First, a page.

February 12, 2009
Do you believe everything you read?
Do you believe everything you hear?
I realize “inquiring minds want to know” and gossip can seem initially enticing, but seriously, how much credence do you give to what other people have to say about anything?
How do you decide the difference between a credible source and a shoddy source?
How can you tell when you are being manipulated or tricked?
What critical thinking processes do you use to figure out who to believe and who to ignore?
One of the signs of personal strength, personal stability, and a solid awareness of yourself and your internal system is if you can hold your own ground and use your own judgment and not be blown around by any ol’ gusty windstorm that shows up.
Independent thinking is a necessary skill for personal growth and emotional maturity. It is critical for safety, and in terms of therapy, it is critical for your healing process as well.
It is important not to assume that everyone is telling you the truth. It is also important not to assume that everyone is telling you a lie. You will get the truth from some of the people some of the time. You will never get all of the truth from all of the people all of the time. Can you tell when someone is lying to you? What about when they are misrepresenting the truth? Sometimes people will present partial information, purposely omitting certain bits, emphasizing other bits, hoping to lead you into a specific erroneous perspective. Do you look for information over and beyond what someone is presenting to you?
What I’m discussing here is how hard it is to think for yourself. It’s not as easy as you might think. Can you really and truly think for yourself?
Can you think for yourself when you are under pressure from someone else to take on their beliefs and opinions?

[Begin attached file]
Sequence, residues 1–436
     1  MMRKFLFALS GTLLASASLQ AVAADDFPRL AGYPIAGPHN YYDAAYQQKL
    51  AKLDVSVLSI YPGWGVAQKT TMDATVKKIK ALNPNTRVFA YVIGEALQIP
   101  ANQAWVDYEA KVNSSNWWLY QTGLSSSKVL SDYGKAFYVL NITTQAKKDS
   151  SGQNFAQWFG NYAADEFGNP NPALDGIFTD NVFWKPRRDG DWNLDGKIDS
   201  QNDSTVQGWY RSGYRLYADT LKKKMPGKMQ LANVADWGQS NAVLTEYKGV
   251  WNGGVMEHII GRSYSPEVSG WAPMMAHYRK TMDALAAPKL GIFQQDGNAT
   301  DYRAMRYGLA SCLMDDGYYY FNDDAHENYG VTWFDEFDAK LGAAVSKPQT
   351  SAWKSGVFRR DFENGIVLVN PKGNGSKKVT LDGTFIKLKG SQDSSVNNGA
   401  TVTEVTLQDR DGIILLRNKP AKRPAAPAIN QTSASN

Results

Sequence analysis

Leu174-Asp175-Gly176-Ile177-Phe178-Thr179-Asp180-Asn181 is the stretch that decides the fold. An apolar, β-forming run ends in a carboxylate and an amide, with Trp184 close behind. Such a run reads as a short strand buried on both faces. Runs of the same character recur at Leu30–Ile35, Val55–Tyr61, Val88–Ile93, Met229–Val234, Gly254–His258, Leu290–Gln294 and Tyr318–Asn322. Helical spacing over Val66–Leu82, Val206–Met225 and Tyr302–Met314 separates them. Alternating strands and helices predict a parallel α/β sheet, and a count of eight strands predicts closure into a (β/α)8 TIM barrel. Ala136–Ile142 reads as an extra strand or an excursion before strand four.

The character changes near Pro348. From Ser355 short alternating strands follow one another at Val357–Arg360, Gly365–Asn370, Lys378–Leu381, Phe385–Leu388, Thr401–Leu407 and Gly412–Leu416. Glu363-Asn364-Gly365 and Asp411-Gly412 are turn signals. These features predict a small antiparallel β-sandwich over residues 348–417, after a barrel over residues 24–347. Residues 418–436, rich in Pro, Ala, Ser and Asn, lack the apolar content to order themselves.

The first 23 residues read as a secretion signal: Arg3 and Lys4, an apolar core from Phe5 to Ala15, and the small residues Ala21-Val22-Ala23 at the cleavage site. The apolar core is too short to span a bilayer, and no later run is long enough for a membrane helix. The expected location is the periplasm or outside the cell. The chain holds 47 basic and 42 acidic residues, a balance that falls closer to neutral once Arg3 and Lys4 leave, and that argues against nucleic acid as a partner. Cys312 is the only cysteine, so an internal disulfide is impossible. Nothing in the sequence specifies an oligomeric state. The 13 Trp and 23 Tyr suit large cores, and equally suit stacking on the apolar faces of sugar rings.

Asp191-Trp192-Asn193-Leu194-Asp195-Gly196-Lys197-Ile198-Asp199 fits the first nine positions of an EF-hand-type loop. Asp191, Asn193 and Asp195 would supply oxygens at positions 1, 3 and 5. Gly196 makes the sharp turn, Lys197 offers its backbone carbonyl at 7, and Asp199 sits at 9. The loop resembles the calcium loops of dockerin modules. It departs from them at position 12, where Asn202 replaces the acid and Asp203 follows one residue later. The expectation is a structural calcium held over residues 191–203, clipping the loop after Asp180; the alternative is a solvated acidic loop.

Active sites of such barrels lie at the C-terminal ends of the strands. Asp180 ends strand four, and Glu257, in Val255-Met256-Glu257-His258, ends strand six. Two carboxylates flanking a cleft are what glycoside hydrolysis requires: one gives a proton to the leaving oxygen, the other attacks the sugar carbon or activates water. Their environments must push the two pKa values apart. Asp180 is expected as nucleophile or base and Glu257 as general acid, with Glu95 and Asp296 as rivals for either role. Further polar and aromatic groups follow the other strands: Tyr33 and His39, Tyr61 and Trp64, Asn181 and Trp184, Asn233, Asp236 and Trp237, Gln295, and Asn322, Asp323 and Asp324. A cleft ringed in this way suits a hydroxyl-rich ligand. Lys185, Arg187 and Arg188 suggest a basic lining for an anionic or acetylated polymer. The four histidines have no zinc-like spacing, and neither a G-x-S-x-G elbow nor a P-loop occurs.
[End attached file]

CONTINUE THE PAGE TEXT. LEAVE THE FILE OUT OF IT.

For someone with Dissociative Identity Disorder, it gets even more complicated. Have you ever experienced the conflict when another part of your system appears to believe something very different from you? How do you sort that out? How do you decide what to believe overall?
This can be a particularly difficult issue for dissociative people because of the way it plays into historical issues. For most DID folks, there was at least one perpetrator in their life that forcefully made them accept / internalize / absorb perspectives and opinions and beliefs very different from their own. Being forced to internalize and remember beliefs that conflict and differ from what one truly believes creates a pressing need for splitting off new dissociative alters separate from the core person. The core person can keep their own safe personal distance from the nasty opinions of the predator while having a separate place within themselves to contain and retain those forced opinions. The dissociation helps to lessen the constant state of conflict.
The dissociative, amnesiac walls provide the necessary cushion and buffer for those opposing beliefs and for the parts that hold them. However, those dissociative walls do not prevent those insiders from acting in various ways, in support of those non-preferred opinions. In fact, having the dissociative separation makes it easier for those parts to act independently of your preferences.
Some dissociative survivors have been purposefully taught to not believe their own reality. I’ve heard more than one survivor talk about situations where they were specifically taught that up was down, and down was sideways, and red was green, and blue was pink. There are several complex reasons why the survivors are taught to believe confused information, but my point in this blog is more to say that this kind of purposeful self doubt and external domination of thought has happened to a number of survivors.
Another area of concern is making sure that your child parts are not being convinced of information that your adults parts would know and recognize to not be true. Predators will specifically take this approach with child parts, convincing them that it is important to never tell the older ones inside, and then convincing the child parts to believe horrendously inaccurate information. Please read an excellent article about protecting child parts.
If you’ve been forced in the past to take on views of others, how easy is it for you now to think for yourself?
How easily can you stand on your own?
Kathy Broady LCSW